A congressional subcommittee has scheduled a hearing on the controversial design proposed for the Eisenhower Memorial, a sign that opponents -- which includes the Eisenhower family -- might be gaining steam in their quest for a new design.
The U.S. House Subcommittee on National Parks, Forests and Public Lands announced Monday that it was holding an oversight hearing on the Eisenhower Memorial, which it has jurisdiction over because the memorial is on park property next to the National Mall.
"As currently designed it doesn't reflect the President and General Eisenhower, so we are just looking to see if this is a good use of federal money and oversight in general," said Crystal Feldman, a subcommittee spokeswoman.
The hearing is scheduled for March 20 and Feldman said the Eisenhowers will be among those invited to testify on the memorial designed by famed architect Frank Gehry. The family has said it finds the main theme of the memorial, his depiction as a barefoot boy from Kansas, offensive to his legacy as a two-term president and a supreme commander during World War II.
Additionally, the National Park Service, the National Capital Planning Commission and the Eisenhower Memorial Commission -- which selected Gehry -- will be invited, she said.
The National Civic Art Society, an outspoken opponent of the design featuring 80-foot-tall stainless steel-woven tapestries, will also be asked to speak.
Eric Wind, the secretary and chairman emeritus of the society, said he was "encouraged" by the hearing. Last month the society published a report on the memorial that asserts the process to select the memorial's architect was tailor-made for Gehry.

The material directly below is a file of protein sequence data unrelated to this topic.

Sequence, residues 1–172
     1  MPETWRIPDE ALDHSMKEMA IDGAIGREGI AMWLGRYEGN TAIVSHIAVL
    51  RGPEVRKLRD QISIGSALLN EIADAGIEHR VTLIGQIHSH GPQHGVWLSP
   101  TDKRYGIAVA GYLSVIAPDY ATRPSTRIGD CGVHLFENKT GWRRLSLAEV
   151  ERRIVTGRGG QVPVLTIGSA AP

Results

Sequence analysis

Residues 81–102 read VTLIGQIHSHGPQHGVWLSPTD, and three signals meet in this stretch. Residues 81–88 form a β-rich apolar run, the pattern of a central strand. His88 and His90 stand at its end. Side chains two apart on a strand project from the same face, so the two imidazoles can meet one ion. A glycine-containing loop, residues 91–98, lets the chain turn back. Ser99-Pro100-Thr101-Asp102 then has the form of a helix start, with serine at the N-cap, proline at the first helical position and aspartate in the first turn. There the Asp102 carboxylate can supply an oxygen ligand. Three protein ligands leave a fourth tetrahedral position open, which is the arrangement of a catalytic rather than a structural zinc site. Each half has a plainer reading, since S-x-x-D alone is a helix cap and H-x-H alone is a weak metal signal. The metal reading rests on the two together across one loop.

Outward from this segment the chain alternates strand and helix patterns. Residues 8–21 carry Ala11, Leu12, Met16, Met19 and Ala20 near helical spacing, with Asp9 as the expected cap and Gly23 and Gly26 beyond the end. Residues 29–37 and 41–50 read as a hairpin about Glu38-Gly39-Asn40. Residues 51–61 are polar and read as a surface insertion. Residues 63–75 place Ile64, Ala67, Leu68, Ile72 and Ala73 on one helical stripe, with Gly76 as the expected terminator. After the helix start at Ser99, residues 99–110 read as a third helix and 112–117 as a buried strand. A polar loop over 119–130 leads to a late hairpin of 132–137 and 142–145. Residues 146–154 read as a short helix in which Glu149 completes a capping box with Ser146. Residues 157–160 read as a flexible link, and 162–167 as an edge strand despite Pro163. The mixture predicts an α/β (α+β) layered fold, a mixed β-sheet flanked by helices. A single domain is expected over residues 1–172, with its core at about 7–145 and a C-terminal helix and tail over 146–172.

"Our research has uncovered a number of inconsistencies in the record and we are excited to explain that to Congress," Wind said.
And the inquiry might not stop at the subcommittee -- last week Rep. Darrell Issa, R-Calif., sent a letter to the Eisenhower Memorial Commission requesting copies of the architectural designs and "a detailed description of the process leading to acceptance" of Gehry's design, including a breakdown of all related votes.
Issa, who chairs the House of Representatives' principal investigative committee, also asked the memorial commission to preserve all documents related to the design. A staffer for the congressman called it a "good indication" that more serious questions could come.
Rep. Frank Wolf, R-Va., was the first representative to issue a letter asking the planning commission for a delay in approving the memorial. Last week, Reps. Dan Lungren, R- Calif., and Aaron Schock, R-Ill., penned a joint letter to the commission echoing Wolf's protest.